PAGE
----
Originally from Buffalo, New York, folk artist Julie Byrne left her hometown at 18 and spent several years traveling through the US, putting down temporary roots everywhere from Louisiana to Kansas. Her acclaimed 2017 album Not Even Happiness chronicles this period with spare acoustic guitar and Byrne’s affecting lyricism.
“My descriptions of the American landscape and the natural world on Not Even Happiness come from a place of wonder,” she explains to That’s by phone before her debut Asia shows in Beijing and Shanghai this month, touching also on traveling and the connection in her mind between nature and being in love. Read on for the interview.
Though you’ve spent the past few years traveling the US, you returned to your hometown of Buffalo to record Not Even Happiness. Why did you decide to do this?
Well, I had been living in New York for about two years at that time, and I don’t think that my nature was really ever able to reconcile the pace and the demands of living in a place like New York City. My good friend and collaborator Eric Littman, who produced the album, and I began the recording process at an apartment in Brooklyn, and we ended up scrapping the whole thing.
We decided that we needed to be somewhere that could offer more peace and quiet and spaciousness. So Eric took a hiatus from his job and we moved to Buffalo and worked day in and day out recording Not Even Happiness.
What made you decide to leave Buffalo and travel around the US when you were 18?
I just never felt a very strong sense of belonging to the town that I grew up in. I love the land that my parents have and the house that I grew up in and being in their company, but I never felt a very strong connection to the community. I was just always dreaming of travel and learning through experience. For better or for worse, I’ve always been guided by my dreaming.
As someone who’s traveled extensively, what do you feel is different about the sense you get of a place by visiting it as a tourist versus living there full-time?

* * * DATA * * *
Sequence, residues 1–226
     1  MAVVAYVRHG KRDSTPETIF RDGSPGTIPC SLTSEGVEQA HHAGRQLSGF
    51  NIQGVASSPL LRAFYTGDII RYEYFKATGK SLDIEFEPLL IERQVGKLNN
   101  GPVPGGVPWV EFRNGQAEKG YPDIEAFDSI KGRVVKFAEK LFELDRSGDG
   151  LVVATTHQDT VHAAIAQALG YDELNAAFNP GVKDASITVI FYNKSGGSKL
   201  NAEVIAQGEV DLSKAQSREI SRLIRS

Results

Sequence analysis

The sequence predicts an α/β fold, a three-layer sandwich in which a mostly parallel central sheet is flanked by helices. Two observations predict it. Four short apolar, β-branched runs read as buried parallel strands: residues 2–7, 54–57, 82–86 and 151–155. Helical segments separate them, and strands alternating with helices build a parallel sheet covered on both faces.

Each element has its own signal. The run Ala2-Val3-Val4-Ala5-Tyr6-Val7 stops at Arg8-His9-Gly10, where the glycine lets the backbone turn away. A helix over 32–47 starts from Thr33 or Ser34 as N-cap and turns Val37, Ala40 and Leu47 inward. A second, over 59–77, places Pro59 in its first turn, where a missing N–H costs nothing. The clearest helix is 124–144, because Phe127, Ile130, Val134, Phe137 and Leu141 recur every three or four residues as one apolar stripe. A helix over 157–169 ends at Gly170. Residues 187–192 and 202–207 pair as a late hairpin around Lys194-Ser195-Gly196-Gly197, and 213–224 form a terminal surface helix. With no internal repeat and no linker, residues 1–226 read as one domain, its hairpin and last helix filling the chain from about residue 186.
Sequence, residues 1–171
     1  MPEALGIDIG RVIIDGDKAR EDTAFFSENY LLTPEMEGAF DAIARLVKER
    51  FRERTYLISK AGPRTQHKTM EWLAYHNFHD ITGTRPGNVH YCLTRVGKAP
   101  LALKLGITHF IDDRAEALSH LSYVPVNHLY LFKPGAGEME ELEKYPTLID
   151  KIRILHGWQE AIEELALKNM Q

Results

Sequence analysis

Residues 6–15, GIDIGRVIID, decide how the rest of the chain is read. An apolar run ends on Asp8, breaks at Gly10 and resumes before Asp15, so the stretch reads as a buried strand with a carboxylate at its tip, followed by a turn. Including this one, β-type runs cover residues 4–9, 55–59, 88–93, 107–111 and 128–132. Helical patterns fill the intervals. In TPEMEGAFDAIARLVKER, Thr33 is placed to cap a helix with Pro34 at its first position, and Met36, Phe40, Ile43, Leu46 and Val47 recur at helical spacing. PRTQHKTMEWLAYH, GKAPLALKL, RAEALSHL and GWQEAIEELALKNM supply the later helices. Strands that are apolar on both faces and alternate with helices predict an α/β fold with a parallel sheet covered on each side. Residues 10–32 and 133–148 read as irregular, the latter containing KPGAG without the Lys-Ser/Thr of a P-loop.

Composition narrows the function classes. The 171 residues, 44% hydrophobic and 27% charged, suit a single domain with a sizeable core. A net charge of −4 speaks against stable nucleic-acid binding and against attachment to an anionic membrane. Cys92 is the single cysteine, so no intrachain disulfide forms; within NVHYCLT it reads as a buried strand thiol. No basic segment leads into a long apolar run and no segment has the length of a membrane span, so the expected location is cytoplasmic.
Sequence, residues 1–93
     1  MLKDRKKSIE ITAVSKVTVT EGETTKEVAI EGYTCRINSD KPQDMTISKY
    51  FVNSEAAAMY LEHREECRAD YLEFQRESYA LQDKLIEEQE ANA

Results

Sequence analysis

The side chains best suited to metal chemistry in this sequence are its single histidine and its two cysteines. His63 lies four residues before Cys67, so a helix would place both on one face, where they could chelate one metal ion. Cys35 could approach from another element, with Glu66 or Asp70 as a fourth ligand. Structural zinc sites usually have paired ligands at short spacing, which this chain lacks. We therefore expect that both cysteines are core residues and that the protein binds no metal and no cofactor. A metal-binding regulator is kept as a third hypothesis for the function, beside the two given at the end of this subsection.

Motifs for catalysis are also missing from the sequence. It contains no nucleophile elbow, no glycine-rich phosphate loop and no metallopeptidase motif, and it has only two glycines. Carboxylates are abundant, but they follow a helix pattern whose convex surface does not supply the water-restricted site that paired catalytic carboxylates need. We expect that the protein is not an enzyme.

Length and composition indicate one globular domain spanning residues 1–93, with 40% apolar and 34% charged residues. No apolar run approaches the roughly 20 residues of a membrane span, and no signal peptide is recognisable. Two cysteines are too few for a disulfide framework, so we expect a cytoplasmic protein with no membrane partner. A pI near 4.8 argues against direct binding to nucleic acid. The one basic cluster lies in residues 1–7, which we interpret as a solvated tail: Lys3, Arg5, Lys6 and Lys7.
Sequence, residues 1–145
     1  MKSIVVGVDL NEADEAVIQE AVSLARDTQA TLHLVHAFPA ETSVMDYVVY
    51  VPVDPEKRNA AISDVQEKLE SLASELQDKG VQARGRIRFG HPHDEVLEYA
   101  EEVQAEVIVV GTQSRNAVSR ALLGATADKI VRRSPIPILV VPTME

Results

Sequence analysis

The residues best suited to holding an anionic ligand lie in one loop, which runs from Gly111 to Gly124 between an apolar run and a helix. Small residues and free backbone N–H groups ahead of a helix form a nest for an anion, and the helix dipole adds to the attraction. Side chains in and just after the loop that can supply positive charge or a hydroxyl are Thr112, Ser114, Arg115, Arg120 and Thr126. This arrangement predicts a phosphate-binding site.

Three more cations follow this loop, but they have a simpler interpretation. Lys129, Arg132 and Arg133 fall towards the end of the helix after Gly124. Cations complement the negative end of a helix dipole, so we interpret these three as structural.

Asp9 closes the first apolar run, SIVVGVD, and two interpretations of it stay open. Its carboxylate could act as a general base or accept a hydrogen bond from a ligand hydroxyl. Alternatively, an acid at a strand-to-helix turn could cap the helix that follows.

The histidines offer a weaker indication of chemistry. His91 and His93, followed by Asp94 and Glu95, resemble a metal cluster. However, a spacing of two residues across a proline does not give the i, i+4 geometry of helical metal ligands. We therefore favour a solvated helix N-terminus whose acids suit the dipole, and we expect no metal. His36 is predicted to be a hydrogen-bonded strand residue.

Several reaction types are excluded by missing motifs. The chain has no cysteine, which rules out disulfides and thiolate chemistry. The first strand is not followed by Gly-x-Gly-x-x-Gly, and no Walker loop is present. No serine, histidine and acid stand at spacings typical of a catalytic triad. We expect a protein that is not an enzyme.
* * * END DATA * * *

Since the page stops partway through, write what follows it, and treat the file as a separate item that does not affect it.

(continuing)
I’ve never lived in a country other than the United States, so I can’t really speak to what that experience is like – I’m sure that it’s very thrilling and exhilarating in many ways, but there must be times where you just long so deeply for home, and the places and people that you’ve known the longest.
When I’ve lived in different cities, I’ve found that starting over is always very difficult. It is such a long process to even get a sense of direction in a new place, let alone a sense of community or work that is fulfilling. I think there have been very uncomfortable periods of my life when I’ve lived in a new place.
"For better or for worse, I’ve always been guided by my dreaming"
How much influence did your father’s style of fingerpicking guitar have on your own music?
[My father] was definitely my primary influence. It’s his guitar that we used to record the album, and it’s his guitar that I tour with. And I actually realized recently that the first instrument that I ever heard was him playing the guitar. So I think that the impact that his playing has had on me probably reaches much farther than I’m even conscious of, because it’s been with me all my life.
Several of your songs fluctuate, lyric-wise, between descriptions of nature and personal relationships. How are these two themes connected for you?
That’s an interesting question. I think that love and the feeling of being in communion with the natural world – those two things have brought me the greatest sense of peace in my life. So I’ve never really thought about it that way, but it makes sense that they are interwoven throughout my creative life.
What are you looking forward to about this Asia tour?
Well, it feels so surreal to even have the opportunity to play my music there. I don’t really have any expectations – I rarely ever do when I’m visiting a new place. I’m just happy to be guided by the experience and the mystery of that. I hope to make new friends, to have the opportunity to meet people at the shows. That’s my favorite part.